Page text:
In May 1996, Jessica Williams Rochester returned home to Canada after an extended visit to Brazil and established Céu do Montreal, a chapter of the Centro Eclético de Fluente Luz Universal Raimundo Irineu Serra (CEFLURIS, or in English, the Eclectic Centre of the Flowing Universal Light, Raimundo Iriuneu Serra), one of the more prominent branches of the Santo Daime religion. From the time of its founding until 2000, Céu do Montreal leaders imported the Daime sacrament (i.e. ayahuasca) into Canada with Brazilian agricultural export documents, and practiced their religion according to church doctrines. In September 2000, the Canada Customs and Revenue Agency intercepted a shipment of the tea and turned it over to the Royal Canadian Mounted Police (RCMP) for chemical analysis. Subsequently, RCMP officials informed the church that because of the presence of DMT and harmala alkaloids in the tea, possession of Daime constituted an offense under the Canadian criminal code and any further attempts to import it or distribute it in ceremonies could result in criminal charges of trafficking a controlled substance (Rochester, 2006). It is important to note that the RCMP were respectful in this process and provided Céu do Montreal with the contact information for Health Canada’s Office of Controlled Substances, explaining that the church could apply for a legal exemption for their sacrament. Although the seized Daime brew was not returned, the police kept it for six months in anticipation of a successful exemption outcome and expressed regret when they were ultimately obliged to destroy it.
In April 2001, based on the advice of the RCMP, Céu do Montreal applied to the Office of Controlled Substances of Health Canada for a Section 56 exemption from the Controlled Drugs and Substances Act to lawfully permit its ceremonial use of the Santo Daime sacrament. Section 56 is a clause in the Controlled Drugs and Substances Act that allows the Minister of Health to grant permission to import, possess or distribute any illegal drug. Specifically, it reads:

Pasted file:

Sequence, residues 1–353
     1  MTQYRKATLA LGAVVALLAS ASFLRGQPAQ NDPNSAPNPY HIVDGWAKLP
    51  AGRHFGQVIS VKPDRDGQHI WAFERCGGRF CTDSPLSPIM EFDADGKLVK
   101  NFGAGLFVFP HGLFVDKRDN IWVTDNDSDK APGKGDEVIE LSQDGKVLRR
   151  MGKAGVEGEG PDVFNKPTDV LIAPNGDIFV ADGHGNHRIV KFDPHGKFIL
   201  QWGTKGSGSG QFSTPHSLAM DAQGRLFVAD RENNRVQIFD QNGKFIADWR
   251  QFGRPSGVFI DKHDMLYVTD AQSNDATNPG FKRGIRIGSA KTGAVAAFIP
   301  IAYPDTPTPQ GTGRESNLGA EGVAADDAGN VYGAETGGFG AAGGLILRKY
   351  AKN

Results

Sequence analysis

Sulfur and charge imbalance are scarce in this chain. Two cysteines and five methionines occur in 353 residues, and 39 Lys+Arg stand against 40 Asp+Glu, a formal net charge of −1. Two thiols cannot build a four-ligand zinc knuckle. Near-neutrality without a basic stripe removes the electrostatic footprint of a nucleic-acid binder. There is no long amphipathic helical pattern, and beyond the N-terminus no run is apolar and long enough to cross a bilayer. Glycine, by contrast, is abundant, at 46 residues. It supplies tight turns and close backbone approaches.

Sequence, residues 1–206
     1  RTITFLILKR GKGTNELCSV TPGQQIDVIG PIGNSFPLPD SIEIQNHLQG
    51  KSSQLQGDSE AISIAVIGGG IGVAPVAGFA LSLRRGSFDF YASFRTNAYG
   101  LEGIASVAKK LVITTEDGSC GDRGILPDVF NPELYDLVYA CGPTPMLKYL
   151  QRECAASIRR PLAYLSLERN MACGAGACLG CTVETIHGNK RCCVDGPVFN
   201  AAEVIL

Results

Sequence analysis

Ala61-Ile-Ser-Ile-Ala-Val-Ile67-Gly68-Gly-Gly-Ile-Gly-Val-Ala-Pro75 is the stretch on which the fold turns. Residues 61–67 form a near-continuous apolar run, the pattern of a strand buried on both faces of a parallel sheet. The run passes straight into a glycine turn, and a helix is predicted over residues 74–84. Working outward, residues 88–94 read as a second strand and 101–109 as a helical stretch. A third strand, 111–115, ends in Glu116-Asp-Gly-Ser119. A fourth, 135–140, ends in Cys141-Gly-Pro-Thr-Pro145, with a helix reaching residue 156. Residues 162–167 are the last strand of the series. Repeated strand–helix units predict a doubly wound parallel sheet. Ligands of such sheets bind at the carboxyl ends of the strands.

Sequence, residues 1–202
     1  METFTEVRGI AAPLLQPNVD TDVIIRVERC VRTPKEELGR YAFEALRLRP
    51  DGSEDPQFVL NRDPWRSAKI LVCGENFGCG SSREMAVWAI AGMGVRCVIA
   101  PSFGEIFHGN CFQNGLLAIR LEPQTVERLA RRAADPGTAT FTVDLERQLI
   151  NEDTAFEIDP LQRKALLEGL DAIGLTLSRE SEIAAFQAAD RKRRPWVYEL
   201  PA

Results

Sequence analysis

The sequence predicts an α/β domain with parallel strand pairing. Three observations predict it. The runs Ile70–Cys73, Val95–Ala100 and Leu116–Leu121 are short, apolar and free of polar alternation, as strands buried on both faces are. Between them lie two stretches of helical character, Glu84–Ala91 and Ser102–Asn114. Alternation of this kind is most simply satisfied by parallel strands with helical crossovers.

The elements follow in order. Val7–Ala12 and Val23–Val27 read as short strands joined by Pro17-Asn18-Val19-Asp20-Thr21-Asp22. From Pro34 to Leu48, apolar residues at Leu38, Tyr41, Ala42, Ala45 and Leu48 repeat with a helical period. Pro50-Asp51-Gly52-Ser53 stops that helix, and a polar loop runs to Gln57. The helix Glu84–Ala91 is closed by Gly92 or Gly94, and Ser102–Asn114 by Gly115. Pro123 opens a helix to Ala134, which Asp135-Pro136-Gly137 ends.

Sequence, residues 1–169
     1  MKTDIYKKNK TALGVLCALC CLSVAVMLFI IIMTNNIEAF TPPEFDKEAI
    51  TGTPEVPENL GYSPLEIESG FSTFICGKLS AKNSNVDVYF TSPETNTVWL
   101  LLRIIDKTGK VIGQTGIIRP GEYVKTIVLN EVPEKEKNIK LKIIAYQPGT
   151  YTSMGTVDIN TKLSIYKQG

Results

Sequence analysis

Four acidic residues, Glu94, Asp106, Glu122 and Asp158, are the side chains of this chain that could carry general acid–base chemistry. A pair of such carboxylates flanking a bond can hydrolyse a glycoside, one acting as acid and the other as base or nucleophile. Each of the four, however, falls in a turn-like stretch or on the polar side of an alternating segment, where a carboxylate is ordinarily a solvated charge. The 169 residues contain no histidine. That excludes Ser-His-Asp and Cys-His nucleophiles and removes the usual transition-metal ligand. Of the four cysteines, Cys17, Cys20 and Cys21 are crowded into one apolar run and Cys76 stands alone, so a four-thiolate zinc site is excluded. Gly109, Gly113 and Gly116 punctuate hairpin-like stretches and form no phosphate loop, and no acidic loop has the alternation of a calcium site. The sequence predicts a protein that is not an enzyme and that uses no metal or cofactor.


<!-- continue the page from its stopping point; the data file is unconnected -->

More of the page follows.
The Minister may, on such terms and conditions as the Minister deems necessary, exempt any person or class of persons or any controlled substance or precursor or any class thereof from the application of all or any of the provisions of the Act or the regulations if, in the opinion of the Minister, the exemption is necessary for a medical or scientific purpose or is otherwise in the public interest (Department of Justice Canada, 2007).
Section 56 is seldom and cautiously exercised. Most notably, Section 56 exemptions are granted to some physicians to prescribe methadone as a maintenance treatment for opioid dependence. Section 56 has also been used to authorize scientific research trials for a supervised injection site in Vancouver, British Columbia and for heroin prescription in Vancouver and Montreal. Prior to a 2001 court ruling that resulted in enactment of federal Medical Marihuana Access Regulations, the legal use of medical cannabis was granted through the Section 56 exemption process (Lucas, 2008).
In September 2006, Céu do Montreal received a letter from the Director General of Health Canada’s Drug Strategy and Controlled Substances Programme informing them that the government had concluded its investigations and approved “in principle” the granting of a Section 56 exemption, pending receipt of documentation from the government of Brazil allowing legal export of the tea. Jessica Rochester reports that throughout the application process the officials at Health Canada’s Office of Controlled Substances have been consistently thorough, respectful and patient with what has been an unusual and complex investigation (personal communication, April 12, 2009). At the time of this writing, the Canadian government had not yet had word from the Brazilian government on a conclusion to their export permit process, and Health Canada had yet to bestow final approval for the Section 56 exemption. In the time since the Section 56 exemption application was initiated, however, the Santo Daime has expanded in Canada, now with three chapters in Quebec and four in Ontario. Yet even if the Santo Daime is given an exemption, it will only apply to the church sacrament prepared and distributed according to their religious doctrines. This leaves open the question of the fairness of restricting other types of ayahuasca drinking, such as psychonautic or cross-cultural vegetalismo practices.